Hidalgo County reports first case of the Delta variant

The first case of the Delta variant of COVID-19 was discovered in Hidalgo County, health officials reported Thursday.

The county reported that the case of the Delta variant was confirmed in an unvaccinated resident, a 33-year-old man from the Mid-Valley area.

“The Delta variant is now the most active, contagious and dangerous strain of COVID-19 and its presence in Hidalgo County, while expected at some point, is yet another warning that the dangers of COVID-19 are still real,” Hidalgo County Judge Richard F. Cortez said in a statement.

In addition to being unvaccinated, the county said the resident traveled extensively both in-state and out of state.

The individual traveled to the northeastern part of the country and was diagnosed with COVID-19 while there, according to Eddie Olivarez, chief administrative officer for the Hidalgo County Health and Human Services Department, who provided more details of the case during a news conference Thursday.

After he completed treatment, the individual returned back home to the Valley and then proceeded to go to an event in North Texas.

“At that location, the person was ill, wound up in the hospital in intensive care, was tested, again COVID positive, and then they tested for variant and it was a Delta virus,” Olivarez said. “Since then, the person has been released and returned to home here in the Mid-Valley area of Hidalgo County.”

“I want to make it very clear,” Olivarez continued, “this situation occurred because the person had not been vaccinated with a single dose of any of the vaccine and then had traveled extensively and was involved with large groups of people.”

The county clarified the Mid-Valley resident was not hospitalized in Hidalgo County and that his exposure to other residents here was very limited.

“The person actually spent very little time in Hidalgo County when the person was infectious, very little time,” Olivarez said. “So the majority of time was spent, during the infectious period, was spent in the northeastern part of the United States and in North Texas so that exposure here in South Texas, I cannot say it was zero, but it was limited.”

Still, Olivarez said that from a statistical standpoint, it was highly likely the Delta variant was already present in the Valley but may just have impacted people at a minimal level that didn’t require hospitalization. Testing for it, however, is limited.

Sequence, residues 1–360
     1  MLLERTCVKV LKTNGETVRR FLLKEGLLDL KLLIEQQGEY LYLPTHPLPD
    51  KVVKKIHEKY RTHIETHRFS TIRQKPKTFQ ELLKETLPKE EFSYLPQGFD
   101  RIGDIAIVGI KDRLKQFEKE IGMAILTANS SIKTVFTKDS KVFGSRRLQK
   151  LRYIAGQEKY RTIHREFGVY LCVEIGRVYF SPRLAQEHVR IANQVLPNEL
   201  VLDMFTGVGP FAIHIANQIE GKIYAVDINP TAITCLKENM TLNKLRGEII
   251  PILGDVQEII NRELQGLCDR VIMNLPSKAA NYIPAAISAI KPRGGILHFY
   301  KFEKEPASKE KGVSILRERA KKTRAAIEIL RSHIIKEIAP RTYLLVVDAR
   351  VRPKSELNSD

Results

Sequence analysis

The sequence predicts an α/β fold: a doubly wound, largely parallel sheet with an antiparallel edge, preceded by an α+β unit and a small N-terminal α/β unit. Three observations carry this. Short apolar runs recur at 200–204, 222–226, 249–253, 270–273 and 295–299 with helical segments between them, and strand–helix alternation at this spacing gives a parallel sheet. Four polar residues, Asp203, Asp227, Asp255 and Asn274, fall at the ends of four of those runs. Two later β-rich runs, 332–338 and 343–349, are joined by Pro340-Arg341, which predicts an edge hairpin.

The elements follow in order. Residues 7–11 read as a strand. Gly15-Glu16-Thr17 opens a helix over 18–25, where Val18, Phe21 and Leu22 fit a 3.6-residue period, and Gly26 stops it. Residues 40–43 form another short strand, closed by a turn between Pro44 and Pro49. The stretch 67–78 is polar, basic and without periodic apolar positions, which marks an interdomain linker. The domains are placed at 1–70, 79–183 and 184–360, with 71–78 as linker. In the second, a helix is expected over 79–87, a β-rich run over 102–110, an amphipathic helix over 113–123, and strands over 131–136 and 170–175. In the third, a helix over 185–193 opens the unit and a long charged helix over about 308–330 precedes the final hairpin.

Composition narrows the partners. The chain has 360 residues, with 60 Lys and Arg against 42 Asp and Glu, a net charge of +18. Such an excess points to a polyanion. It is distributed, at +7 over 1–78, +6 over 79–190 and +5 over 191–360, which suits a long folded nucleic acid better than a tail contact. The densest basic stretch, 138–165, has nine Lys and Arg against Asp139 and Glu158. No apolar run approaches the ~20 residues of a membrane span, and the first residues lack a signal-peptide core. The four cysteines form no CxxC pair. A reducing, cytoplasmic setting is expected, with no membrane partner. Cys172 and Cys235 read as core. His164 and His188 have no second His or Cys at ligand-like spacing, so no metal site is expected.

Olivarez explained that hospitals test for variants through a program with the state of Texas but because only the Texas Department of State Health Services or the CDC can confirm any variants, results for them take longer. Currently, Olivarez said results can take anywhere between one to five weeks.

“If the laboratory is sent to a private lab like LabCorp, Quest, one of these large laboratories, it would get assessed there and, if it is positive, it would be sent to that state laboratory and then it would be sent to the CDC and by the time it makes all that round, it could take two, three, four weeks,” Olivarez said. “If it is sent straight to the CDC and then it is communicated to us, it might be less time.”

He added that the county is working with the state to try to increase the availability of variant testing here.

There are currently 11 known variants of COVID-19 in the United States of which the Delta is potentially more transmissible than the other variants, according to the U.S. Centers for Disease Control and Prevention.

It was first detected in India in late 2020 but has now been detected in approximately 60 countries, according to the CDC.

While this was the first time a case of the Delta variant was confirmed in Hidalgo County, officials previously reported that there were 23 cases of three other variants in the county:

>> 16 cases were of the B.1.1.7., or U.K variant;

>> Six cases were of the the P.1, or Brazilian variant;

>> One case was of a California variant, B.1.427/B.1.429.

As for cases of the original virus, the county reported 120 new cases and two COVID-19 related deaths on Thursday.

The deaths were of an Edinburg man in his 40s and a McAllen man in his 50s, which raised the total number of COVID-related fatalities to 2,925.

Of the 120 new cases, 34 were confirmed cases, 82 probable and four suspected.

That raised the total number of cases to 94,737, of which 61,634 were confirmed, 30,857 probable and 2,246 suspected.

Currently, 768 cases are active.

The county also reported there were 86 people hospitalized with COVID-19 and, of those, 28 patients were being treated in intensive care units.

Cameron County health officials reported no deaths but did report 57 new confirmed cases, raising the total number of cases there to 43,045. Currently, 2,715 of those cases are active.

The total number of COVID-related deaths in Cameron County remained at 1,699.

Starr County reported one probable case while Willacy County reported 20 new confirmed cases and five probable cases, according to data from DSHS.

During Thursday’s news conference, Olivarez repeated the benefits of getting a COVID-19 vaccine, calling it the best way to protect against COVID-19 and any of its variants.

“Unfortunately, people aren’t taking heed,” he said, adding that county officials were concerned that the recent bump in cases was due to Fourth of July celebrations.

“There was a lot of activity on the Fourth of July — a lot of people traveled, a lot of people involved in a lot of large-scale social activities with large crowds,” he said. “Maybe we’re seeing that bump from that but additionally, we don’t have a clear understanding of the impact of variants … we’re not really sure overall how that’s going to impact us.”